Last November, I burbled on the IRIS project about curating the Human Whipworm Genome. A lot of genes have flowed across our screens since then, and as the project enters its second year I still have over 50 students from Years 10, 11, 12 and 13 enthusiastically learning about genome curation and putting it in to practice.
But this year I also want to start explore its potential for A-level teaching. See what you think…
Take a look at this screenshot from the Apollo genome editing software.
Ooops. I work across 2 screens and I always forget that screenshots grab both of them.
OK, ignore the photo on the left, which shows my youngest son George in the process of diving into his snow burrow last winter. We need to focus on the image on the right. Let me try some judicial cropping…
Ah! That’s more like it. So, what to look for?
First, notice how it’s divided into two vertical sections – the thinner one on the right with the heading “tracks” – we’ll come back to that. For now, concentrate on the left hand division. It has a few bars at the top, with zoom in/out icons and left right arrows, below that a yellow area with a long thing in it, and below that a thick white area with lots of horizontal parallel bars of various colours and lengths.
First thing to notice, check out the numbers at the top of this left hand section.
5,000,000…… 10,000,000……15,000,000…. all the way up to 30,000,000…
These refer to the number of base pairs on the bit of whipworm genome we’re looking at. 30 million base pairs long!!!! This is a serious chunk of DNA! And if you look in the middle top, TTRE,chr2, it tells you we’re looking at the entire length of Chromosome 2 of the Whipworm. It’s there, on the screen, right in front of you, sequenced and accessible and real. Mind blowing.
I think this is an extraordinarily powerful image for conveying exactly what a genome is. But what makes it even more powerful is what you can then do with it.
Let’s change the view – we can do this by turning the various tracks in the right hand column on and off.
Now we’re looking at a chunk – a scaffold – of chromosome 1. Although chromosome 1 has been sequenced, the precise order of the sequenced sections has not yet been determined. So this is scaffold 1 of chromosome 1. Notice that it’s quite a bit shorter than chromosome 2, measuring just over 11,000,000 base pairs long.
I’ve zoomed in to create a view between 5,550,000 bp and 5,800,000 bp on the scaffold. I’ve selected tracks that just show the computer predictions of which parts of the genome look like genes. These are the things visible in the white area.
There is a huge amount of information about the nature of DNA in that image! When a student reaches the point where they fully understand it, they’re becoming reasonably fluent in the topic.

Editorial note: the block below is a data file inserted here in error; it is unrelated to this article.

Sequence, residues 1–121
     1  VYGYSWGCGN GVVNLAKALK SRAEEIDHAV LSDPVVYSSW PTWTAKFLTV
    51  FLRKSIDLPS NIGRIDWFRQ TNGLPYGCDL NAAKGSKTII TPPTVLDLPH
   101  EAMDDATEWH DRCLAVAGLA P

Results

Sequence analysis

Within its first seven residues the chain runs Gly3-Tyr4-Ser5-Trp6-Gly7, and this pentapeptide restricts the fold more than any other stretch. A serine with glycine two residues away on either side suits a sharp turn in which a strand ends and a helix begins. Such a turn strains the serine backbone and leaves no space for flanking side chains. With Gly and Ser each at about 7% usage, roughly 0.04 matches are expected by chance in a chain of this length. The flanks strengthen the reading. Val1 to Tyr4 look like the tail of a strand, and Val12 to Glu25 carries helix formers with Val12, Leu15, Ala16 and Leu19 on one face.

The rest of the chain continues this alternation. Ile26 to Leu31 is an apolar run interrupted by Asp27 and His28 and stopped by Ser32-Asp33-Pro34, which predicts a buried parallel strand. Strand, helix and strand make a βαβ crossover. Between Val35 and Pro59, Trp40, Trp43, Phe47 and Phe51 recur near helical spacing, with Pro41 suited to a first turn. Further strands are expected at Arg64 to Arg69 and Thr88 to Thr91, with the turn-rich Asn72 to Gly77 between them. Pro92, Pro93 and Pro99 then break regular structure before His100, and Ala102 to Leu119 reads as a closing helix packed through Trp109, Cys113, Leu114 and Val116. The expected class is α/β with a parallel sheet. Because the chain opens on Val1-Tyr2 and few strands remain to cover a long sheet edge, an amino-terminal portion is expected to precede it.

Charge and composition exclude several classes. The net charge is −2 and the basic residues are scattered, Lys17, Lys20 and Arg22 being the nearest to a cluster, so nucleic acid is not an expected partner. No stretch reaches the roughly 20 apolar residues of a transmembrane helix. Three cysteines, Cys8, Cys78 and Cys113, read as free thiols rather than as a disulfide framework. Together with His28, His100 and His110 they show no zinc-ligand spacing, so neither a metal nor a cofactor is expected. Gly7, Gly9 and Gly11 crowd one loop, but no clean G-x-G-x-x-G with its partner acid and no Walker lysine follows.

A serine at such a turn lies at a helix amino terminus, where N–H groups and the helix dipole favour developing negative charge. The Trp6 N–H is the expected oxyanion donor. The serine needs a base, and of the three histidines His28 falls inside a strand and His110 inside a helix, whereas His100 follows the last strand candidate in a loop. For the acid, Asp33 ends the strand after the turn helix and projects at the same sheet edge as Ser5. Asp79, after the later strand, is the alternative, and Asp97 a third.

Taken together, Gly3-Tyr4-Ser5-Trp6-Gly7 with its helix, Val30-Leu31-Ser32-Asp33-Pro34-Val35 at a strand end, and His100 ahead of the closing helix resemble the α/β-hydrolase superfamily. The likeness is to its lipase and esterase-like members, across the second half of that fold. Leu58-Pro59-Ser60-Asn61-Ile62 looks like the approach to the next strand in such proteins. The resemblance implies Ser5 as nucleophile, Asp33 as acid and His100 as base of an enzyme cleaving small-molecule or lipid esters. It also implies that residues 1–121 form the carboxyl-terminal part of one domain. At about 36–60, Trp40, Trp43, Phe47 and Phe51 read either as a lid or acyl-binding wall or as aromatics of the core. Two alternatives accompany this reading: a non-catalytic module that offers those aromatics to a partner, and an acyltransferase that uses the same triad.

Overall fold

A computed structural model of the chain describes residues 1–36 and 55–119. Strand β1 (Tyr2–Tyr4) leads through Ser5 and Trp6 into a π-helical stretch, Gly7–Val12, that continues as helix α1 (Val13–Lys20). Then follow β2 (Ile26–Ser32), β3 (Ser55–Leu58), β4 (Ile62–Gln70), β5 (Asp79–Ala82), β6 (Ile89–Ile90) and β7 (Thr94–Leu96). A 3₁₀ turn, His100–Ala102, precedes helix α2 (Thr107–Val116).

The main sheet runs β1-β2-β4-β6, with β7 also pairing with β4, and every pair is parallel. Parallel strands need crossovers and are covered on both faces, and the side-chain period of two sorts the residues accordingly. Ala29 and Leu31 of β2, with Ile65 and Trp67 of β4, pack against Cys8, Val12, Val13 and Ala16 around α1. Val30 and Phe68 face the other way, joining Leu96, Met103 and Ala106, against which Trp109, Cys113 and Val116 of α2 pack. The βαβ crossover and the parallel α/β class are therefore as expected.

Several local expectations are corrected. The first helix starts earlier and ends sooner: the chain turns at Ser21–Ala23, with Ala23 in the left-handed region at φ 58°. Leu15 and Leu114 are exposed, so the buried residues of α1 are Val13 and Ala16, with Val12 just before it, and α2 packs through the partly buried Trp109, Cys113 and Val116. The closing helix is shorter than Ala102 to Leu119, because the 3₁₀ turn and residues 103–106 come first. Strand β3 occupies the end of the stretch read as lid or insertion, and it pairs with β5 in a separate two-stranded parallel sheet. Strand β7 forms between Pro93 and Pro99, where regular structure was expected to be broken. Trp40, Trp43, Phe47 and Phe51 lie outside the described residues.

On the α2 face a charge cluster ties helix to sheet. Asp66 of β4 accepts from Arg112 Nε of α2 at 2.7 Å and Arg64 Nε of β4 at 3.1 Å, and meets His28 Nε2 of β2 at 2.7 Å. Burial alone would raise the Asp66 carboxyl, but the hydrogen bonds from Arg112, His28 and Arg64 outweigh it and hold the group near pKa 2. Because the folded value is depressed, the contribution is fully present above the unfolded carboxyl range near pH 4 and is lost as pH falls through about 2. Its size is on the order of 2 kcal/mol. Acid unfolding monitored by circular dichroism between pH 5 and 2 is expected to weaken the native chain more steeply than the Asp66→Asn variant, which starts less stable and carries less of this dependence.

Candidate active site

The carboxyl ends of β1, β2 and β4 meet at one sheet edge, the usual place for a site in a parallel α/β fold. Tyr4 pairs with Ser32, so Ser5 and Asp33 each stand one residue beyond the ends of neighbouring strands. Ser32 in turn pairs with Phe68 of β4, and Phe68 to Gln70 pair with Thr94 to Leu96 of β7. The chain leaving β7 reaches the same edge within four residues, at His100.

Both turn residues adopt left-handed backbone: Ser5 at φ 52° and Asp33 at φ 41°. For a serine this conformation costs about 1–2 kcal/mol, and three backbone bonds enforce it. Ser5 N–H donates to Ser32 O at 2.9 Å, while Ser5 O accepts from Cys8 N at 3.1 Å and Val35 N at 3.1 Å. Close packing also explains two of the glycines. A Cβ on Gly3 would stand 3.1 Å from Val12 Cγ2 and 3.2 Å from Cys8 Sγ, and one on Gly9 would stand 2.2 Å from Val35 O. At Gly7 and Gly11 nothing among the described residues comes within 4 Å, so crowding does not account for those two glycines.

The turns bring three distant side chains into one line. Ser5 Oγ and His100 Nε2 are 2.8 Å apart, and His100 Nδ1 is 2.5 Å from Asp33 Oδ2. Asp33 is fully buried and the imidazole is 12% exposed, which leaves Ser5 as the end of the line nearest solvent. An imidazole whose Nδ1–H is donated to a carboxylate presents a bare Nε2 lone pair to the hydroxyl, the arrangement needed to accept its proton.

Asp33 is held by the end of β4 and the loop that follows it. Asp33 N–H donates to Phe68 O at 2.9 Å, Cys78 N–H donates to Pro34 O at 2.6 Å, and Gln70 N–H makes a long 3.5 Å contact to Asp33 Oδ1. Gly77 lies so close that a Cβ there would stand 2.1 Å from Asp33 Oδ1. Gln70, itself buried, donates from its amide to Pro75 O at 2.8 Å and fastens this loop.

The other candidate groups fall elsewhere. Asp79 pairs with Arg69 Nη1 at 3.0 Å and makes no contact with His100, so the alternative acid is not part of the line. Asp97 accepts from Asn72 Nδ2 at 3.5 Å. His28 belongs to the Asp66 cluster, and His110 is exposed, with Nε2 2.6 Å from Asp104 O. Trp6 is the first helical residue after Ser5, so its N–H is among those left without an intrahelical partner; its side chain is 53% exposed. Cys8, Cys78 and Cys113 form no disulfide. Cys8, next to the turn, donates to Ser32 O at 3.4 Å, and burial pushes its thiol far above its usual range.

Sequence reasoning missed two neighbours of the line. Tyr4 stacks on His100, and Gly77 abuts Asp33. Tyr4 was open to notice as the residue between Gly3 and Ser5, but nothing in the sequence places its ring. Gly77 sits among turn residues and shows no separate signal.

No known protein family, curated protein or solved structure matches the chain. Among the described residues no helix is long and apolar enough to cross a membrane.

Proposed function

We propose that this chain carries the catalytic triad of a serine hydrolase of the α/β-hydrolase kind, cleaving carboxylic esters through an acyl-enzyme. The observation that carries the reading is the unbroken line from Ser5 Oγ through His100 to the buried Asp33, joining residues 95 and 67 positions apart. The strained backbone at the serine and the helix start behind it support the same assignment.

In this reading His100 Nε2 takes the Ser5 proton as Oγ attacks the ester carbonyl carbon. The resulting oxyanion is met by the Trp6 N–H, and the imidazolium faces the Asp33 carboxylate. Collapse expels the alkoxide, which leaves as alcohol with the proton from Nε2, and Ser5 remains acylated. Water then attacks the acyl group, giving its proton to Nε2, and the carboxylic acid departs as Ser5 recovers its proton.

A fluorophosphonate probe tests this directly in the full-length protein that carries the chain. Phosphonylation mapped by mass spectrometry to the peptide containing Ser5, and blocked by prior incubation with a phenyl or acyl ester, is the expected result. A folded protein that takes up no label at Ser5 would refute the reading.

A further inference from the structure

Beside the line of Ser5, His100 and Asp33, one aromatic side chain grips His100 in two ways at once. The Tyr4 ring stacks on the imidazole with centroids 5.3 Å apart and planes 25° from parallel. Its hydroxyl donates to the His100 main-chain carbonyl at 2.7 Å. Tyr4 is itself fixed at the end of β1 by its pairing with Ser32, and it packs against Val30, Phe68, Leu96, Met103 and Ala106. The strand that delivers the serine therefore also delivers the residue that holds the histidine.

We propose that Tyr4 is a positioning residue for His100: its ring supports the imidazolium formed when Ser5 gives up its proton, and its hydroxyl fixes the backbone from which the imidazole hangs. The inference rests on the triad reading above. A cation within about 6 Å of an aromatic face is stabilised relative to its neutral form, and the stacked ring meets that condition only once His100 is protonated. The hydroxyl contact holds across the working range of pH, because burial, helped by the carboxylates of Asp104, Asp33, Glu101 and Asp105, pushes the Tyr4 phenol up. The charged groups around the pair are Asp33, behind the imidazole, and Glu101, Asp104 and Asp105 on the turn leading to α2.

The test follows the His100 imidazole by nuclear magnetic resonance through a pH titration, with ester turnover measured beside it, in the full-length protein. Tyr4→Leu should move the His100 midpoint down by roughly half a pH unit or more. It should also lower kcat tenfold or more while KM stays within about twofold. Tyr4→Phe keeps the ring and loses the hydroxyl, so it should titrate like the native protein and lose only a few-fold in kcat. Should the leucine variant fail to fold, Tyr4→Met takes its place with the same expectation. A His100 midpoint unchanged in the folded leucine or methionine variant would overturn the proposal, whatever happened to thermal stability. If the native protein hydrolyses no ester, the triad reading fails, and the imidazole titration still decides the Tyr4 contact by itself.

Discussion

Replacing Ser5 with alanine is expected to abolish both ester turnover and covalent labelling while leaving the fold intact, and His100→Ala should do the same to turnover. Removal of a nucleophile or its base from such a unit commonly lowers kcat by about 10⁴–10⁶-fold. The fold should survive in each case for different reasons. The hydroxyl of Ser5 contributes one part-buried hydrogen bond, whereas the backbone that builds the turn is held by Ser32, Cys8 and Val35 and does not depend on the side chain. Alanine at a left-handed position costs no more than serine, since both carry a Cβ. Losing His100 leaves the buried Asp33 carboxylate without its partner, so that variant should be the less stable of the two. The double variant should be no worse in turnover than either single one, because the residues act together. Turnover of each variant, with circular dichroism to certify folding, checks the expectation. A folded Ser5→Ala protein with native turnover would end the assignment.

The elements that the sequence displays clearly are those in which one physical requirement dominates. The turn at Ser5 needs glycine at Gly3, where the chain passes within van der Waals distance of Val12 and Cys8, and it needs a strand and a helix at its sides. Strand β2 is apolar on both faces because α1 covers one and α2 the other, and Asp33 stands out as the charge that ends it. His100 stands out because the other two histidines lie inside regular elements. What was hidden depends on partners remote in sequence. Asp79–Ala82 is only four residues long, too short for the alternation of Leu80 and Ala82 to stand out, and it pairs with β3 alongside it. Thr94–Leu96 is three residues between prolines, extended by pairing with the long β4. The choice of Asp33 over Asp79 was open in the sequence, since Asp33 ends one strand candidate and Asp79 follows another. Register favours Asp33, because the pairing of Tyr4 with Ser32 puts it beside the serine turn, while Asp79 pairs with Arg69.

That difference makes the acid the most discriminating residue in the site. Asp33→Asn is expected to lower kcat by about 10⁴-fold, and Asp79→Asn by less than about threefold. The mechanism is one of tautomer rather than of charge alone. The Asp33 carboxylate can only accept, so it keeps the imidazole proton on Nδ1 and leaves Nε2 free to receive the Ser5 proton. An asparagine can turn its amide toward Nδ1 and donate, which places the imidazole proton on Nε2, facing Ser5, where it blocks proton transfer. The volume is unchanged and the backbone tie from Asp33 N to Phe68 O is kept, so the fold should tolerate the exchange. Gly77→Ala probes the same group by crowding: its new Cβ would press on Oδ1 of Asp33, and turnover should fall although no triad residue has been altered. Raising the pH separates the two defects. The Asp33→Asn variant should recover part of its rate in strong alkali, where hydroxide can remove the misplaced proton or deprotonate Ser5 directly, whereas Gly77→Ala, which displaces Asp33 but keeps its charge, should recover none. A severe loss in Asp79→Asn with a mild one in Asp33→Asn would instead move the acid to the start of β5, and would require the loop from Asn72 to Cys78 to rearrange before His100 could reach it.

I’ve used lots of analogies down the years to try and help students understand the differences between DNA, genes, chromosomes and genomes. This picture illustrates all of this and more. So the 11,000,000 letters? That’s the DNA. A continuous strand, extraordinarily long, comprising an unbroken sequence of the 4 DNA letters. We can zoom in for a closer look…
Notice just how zoomed in we are… a span from 5,670,850 to 5,671,000, just 150 letters, and look!, you can see them! In the middle. That’s DNA, sequenced, and on display, part of the genetic code that provides information for making Whipworms. The coloured bars above and below it, with their mysterious asterixes and highlighted letter Ms can wait for now, though I expect most of you can work out what they refer to…
Again, I just find this utterly amazing. The power of this software! And we’ll be using this zoomed in scale when we’re fine tuning our gene edits, but let’s go back to that other image.
Having established what DNA is, students can now readily see that a chromosome is just a very very long chunk of the stuff.
So what are the genes?
Well, again, there they are, the discreet horizontal line/bar combos in the white area (though it’s important to note at this stage that these are just the computer predictions as to which bits of the genome look like genes – sometimes the predictions are right, but all too often they’re wrong, to a greater or lesser degree, which is why the genome needs to be manually curated). But for now, let’s just take them at face value.
And let’s have a closer look at some…
Here are ten. Gene 1211 to Gene 1220. Notice that they correspond to the section of DNA directly above them on the genome – their position, or locus, on the chromosome. Notice that they vary in length – gene 1215 looks quite substantial, gene 1220 is diddy. Notice that they’re made up of coloured blobs connected by long, thin lines. Notice that there are overlaps between neighbouring genes. Notice that there are gaps. And notice that they each have an arrow at one end – for some, the arrow points to the right, for the others, the arrow points to the left.
This last observation illustrates another key point about DNA – being double stranded, the information, the code, the gene, could be on either strand. But the strands are anti-parallel, they run in opposite directions, so when curating the genes, you have to know whether they need to be read from left to right, or from right to left…
This year, I plan to get all of this in place with the Year 12s before we start looking at the actual structure of the molecule. How the students will then use the software to learn more about genes and what they do….
…. is a topic for another burble.
Watch this space!